The Purpose of Exploratory Research

5468 Words Feb 13th, 2011 22 Pages
Exploratory Research

The Purpose of Exploratory Research: Good Research Questions Years ago, before the advent of CAT scanners and other noninvasive medical diagnostic procedures, doctors who were stumped about a patient’s symptoms might recommend “exploratory surgery.” With little to go on but vague descriptions of symptoms, physicians would “open up” a patient to look around and see what needed fixing. In market research, exploratory research plays a similar role. Marketers have no machines to peer inside a decision problem, so they may use certain research techniques to “open up” the problem and look around. Researchers use these techniques, which they refer to collectively as exploratory research, with a single broad purpose: clarify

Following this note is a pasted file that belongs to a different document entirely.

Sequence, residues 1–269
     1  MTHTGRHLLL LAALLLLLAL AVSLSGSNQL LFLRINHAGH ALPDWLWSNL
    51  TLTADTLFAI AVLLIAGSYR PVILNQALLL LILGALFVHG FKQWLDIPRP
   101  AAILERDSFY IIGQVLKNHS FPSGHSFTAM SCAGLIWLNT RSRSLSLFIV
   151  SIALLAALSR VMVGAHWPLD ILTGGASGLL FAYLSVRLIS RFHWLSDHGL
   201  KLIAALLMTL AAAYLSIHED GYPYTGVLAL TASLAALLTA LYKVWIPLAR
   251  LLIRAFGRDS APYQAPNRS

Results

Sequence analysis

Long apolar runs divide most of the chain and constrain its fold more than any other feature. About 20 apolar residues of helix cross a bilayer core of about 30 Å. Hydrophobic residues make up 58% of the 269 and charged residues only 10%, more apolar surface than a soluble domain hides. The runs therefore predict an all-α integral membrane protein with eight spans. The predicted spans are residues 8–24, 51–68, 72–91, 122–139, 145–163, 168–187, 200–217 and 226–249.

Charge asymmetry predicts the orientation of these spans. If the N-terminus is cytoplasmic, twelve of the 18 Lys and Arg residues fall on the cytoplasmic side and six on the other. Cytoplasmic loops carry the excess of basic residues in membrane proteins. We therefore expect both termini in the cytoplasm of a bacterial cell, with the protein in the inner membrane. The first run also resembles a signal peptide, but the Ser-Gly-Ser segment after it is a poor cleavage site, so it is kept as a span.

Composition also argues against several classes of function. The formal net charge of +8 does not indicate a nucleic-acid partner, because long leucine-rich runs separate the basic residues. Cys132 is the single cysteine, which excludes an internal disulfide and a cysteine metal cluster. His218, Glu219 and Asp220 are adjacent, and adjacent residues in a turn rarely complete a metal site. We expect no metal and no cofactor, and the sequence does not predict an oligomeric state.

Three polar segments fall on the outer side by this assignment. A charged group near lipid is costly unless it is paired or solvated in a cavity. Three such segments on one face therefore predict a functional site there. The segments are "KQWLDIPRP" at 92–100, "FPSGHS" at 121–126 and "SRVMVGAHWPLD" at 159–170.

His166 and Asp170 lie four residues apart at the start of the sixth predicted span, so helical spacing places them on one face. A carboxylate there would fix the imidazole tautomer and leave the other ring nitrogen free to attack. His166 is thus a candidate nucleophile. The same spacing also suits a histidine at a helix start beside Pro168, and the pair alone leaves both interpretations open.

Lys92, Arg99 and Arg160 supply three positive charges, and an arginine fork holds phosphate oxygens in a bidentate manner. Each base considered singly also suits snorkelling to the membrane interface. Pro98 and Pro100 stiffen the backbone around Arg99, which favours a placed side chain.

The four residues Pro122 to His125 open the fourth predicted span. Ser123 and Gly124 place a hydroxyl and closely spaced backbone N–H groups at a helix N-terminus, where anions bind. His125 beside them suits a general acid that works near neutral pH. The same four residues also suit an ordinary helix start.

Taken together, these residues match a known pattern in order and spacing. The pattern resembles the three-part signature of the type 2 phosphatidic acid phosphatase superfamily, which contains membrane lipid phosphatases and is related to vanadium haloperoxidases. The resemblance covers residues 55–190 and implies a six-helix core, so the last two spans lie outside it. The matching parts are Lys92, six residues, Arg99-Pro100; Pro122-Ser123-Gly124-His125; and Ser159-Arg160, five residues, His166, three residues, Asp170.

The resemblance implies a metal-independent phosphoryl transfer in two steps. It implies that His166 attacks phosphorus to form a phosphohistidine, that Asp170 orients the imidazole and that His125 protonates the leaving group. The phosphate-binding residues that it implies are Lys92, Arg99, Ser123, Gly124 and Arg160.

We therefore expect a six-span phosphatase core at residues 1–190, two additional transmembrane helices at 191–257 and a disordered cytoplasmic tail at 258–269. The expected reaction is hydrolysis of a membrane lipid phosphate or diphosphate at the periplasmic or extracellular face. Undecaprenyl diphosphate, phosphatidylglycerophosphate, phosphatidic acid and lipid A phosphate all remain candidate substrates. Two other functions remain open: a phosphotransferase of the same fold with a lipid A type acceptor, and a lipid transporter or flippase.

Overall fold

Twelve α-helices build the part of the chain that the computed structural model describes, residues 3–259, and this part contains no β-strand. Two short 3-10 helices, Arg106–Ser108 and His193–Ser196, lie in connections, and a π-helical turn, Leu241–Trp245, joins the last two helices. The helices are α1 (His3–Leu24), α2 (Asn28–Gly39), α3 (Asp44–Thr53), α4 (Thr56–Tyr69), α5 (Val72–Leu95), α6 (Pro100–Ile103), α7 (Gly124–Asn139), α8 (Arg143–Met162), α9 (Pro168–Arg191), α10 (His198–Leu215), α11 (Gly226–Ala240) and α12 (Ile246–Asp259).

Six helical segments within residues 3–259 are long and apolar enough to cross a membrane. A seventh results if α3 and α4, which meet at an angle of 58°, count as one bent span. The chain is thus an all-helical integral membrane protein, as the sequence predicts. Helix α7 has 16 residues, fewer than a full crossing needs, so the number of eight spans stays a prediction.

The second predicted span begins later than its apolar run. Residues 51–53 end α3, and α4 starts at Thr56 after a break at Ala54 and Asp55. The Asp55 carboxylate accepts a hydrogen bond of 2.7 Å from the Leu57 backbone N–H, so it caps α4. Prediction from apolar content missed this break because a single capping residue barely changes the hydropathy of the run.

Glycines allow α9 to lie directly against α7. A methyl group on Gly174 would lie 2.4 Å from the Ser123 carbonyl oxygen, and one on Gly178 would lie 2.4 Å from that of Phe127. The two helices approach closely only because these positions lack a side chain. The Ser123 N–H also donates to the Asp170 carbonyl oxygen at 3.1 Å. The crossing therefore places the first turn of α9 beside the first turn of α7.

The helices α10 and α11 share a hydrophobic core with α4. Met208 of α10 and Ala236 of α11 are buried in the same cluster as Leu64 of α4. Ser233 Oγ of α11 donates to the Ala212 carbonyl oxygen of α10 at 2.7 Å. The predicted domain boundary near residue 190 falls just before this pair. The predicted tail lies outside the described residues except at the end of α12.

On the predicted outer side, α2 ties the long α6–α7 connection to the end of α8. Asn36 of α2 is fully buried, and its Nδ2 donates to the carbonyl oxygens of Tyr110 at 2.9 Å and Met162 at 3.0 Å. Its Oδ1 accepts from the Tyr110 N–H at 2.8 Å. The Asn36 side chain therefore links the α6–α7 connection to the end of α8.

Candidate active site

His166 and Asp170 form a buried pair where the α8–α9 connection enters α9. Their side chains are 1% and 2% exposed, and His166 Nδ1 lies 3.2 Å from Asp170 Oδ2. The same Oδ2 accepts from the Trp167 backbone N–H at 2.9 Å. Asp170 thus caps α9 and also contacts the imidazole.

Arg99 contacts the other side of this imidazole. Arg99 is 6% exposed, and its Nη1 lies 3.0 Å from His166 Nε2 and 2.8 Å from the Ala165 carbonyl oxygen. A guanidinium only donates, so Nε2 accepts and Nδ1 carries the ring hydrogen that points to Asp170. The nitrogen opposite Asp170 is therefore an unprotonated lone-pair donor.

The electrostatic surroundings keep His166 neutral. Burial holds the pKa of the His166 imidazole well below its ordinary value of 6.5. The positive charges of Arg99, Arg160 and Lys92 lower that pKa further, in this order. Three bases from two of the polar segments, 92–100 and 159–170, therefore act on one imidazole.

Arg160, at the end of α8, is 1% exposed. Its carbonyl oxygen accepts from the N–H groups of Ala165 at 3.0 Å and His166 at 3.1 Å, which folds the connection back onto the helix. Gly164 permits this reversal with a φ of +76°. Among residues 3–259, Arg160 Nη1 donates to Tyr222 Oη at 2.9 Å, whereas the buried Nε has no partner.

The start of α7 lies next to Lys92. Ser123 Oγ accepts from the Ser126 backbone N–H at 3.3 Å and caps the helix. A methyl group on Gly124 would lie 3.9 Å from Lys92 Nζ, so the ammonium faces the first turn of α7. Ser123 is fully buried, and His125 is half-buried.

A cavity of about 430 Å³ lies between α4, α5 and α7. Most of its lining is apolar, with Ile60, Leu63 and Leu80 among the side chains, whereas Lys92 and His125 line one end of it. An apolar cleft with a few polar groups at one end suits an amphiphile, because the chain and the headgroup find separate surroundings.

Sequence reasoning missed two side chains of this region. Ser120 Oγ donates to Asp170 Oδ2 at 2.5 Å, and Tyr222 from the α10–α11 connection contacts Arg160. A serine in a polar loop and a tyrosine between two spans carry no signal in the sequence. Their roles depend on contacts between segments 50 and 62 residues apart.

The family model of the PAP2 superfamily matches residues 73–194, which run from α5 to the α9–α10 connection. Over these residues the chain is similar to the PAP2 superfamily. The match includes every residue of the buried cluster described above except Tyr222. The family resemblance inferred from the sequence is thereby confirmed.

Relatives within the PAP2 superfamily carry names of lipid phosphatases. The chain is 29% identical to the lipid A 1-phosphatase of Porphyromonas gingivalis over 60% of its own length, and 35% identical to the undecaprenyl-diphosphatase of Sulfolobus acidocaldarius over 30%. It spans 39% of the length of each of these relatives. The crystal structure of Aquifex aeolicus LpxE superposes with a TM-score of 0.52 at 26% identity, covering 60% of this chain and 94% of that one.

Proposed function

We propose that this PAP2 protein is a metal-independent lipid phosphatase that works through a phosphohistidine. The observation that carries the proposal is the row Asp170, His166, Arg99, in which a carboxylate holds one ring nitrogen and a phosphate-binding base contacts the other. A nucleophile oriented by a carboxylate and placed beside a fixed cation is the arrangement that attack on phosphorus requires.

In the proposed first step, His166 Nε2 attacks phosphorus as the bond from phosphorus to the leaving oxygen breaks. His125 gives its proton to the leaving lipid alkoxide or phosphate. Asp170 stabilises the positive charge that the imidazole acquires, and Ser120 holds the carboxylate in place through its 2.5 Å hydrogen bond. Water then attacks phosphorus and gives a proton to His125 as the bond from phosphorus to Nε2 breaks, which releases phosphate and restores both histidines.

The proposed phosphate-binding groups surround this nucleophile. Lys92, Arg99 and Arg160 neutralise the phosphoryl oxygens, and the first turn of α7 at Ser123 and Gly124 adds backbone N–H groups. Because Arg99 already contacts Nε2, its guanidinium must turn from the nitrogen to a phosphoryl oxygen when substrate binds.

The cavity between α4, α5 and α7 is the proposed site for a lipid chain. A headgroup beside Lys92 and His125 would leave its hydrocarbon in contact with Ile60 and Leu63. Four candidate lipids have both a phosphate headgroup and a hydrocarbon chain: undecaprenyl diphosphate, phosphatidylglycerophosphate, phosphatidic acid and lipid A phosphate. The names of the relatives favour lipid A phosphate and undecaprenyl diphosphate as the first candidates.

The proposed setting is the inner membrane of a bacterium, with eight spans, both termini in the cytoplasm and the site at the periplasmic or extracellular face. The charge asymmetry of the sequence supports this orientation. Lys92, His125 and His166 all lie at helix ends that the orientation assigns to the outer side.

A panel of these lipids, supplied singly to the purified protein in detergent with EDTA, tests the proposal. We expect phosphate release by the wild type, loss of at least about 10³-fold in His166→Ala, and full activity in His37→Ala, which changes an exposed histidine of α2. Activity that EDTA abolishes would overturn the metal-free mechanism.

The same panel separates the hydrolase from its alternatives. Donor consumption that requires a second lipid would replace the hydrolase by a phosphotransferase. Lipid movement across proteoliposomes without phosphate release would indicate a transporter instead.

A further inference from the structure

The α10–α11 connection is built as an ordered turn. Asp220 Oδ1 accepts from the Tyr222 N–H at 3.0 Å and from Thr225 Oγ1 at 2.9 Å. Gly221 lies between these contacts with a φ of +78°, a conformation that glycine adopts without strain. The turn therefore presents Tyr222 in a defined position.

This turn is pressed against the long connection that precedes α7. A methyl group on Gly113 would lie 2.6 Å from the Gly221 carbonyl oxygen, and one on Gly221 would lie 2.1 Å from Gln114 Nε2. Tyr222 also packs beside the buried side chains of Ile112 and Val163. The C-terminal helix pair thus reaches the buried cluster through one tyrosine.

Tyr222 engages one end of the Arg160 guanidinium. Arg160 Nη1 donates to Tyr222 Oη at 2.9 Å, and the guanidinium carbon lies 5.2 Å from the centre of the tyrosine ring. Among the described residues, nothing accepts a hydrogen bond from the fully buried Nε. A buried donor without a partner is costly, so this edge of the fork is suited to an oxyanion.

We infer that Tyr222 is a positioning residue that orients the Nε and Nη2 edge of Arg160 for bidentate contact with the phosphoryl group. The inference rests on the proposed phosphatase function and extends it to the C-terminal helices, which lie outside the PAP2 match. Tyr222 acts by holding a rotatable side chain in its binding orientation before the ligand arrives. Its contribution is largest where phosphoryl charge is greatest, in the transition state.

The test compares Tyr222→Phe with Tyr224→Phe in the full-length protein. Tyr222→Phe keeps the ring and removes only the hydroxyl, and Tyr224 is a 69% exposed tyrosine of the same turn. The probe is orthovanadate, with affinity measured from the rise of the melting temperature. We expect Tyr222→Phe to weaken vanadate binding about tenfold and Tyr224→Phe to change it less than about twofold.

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Generally, exploratory research techniques simply involve conversations between a researcher and the people being studied. Although the researcher may guide the conversation across certain issues, the questioning is usually informal and semistructured. Thus, the data produced by qualitative research is textual. That is, the research produces a “text.” Although the text is analyzed, the methods of analyses are not statistical; textual data are not numerical and do not lend themselves to statistical analysis. This limitation is important. Researchers and decision makers alike often wish to generalize the conclusions of their research from their samples to some larger population of interest. Textual data do not permit this kind of generalization. On the other hand, assuming other conditions are met, quantitative data may be generalized from a sample to a larger population. Making these generalizations and calculating the margins of error inherent in them requires that the data be numerical. Generally speaking, research procedures such as surveys and experimentation (often called confirmatory and causal research, respectively) produce the quantitative data needed for such analyses. Thus, these two categories of research clearly rely on one another. That is, asking the right questions of the right people in the right way to produce generalizable statistical results requires knowing what to ask, who to ask, and how to ask. These facets of research are often
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